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What did you bring home from your last family trip?

Snapshots, souvenirs, maybe even sunburns? You might be surprised to learn that your children returned from traveling with something else as well! There’s no need to search pockets or suitcases – the evidence may be on the next report card.

In a study by the Student and Youth Travel Association, teachers across the U.S. were surveyed about the impact of travel on students. Teachers reported myriad benefits, from increased curiosity, willingness to learn and explore, confidence and independence. These students were more likely to try new foods and activities, to express the desire to travel more, and to demonstrate tolerance and sensitivity towards other cultures and people.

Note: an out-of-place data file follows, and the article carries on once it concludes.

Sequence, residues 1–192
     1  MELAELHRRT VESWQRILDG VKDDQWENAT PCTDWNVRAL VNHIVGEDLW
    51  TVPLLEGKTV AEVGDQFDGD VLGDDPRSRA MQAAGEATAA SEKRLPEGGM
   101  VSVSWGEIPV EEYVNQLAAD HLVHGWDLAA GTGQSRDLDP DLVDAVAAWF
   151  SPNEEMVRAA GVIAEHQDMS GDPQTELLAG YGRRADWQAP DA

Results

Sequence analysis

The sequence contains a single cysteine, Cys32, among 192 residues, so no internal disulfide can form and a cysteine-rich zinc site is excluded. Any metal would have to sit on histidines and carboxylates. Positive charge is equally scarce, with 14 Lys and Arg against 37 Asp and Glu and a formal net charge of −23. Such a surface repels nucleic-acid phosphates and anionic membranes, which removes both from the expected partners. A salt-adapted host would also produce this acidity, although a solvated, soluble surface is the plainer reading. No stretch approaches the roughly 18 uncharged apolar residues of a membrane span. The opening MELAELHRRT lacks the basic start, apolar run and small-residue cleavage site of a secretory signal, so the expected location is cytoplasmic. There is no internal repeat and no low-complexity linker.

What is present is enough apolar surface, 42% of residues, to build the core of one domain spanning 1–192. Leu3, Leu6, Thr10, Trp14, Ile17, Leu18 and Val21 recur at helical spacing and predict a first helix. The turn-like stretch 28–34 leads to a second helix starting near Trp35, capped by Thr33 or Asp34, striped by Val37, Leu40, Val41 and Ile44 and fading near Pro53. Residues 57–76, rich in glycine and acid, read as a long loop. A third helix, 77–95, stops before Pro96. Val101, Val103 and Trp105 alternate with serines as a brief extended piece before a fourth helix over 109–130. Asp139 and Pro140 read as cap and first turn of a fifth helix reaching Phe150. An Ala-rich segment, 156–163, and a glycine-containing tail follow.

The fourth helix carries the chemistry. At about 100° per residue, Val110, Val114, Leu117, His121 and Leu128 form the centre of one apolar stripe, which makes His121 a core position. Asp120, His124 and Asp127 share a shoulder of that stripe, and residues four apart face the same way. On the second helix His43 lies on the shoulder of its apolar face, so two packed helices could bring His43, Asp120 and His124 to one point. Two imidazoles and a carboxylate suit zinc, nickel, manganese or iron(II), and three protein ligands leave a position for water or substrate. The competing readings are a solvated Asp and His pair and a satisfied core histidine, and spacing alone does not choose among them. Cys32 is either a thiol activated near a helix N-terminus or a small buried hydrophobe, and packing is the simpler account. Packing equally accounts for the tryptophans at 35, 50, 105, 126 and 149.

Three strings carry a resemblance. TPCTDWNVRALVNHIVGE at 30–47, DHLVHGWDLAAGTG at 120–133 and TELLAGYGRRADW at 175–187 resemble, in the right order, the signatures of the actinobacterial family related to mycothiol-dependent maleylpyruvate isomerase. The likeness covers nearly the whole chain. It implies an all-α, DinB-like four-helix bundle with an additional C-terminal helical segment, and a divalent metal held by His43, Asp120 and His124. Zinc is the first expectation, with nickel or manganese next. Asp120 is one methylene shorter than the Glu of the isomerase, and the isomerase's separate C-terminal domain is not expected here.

Encourage your junior jet-setters to make the most out of your adventures with tangi­ble experiences. Foster independence and hone practical skills by enlisting their help in reading maps, navigating transportation, calculating exchange rates, etc. Promote empathy, perspective shifts, and communica­tion skills through conversations with locals and fellow travelers, visiting historically and culturally significant attractions, and diving into unfamiliar flavors during mealtimes.

Parents benefit, too; slowing down and making thoughtful choices when you travel with kids can allow you to notice small moments, try spontaneous activities, and to see your family members (especially the youngest ones!) in a whole new light.

Whether flying internationally, cruising the seas, or simply driving to a nearby town for a change of scenery, kids reap rewards from traveling that benefit them in the classroom, in their relationships, and in their futures.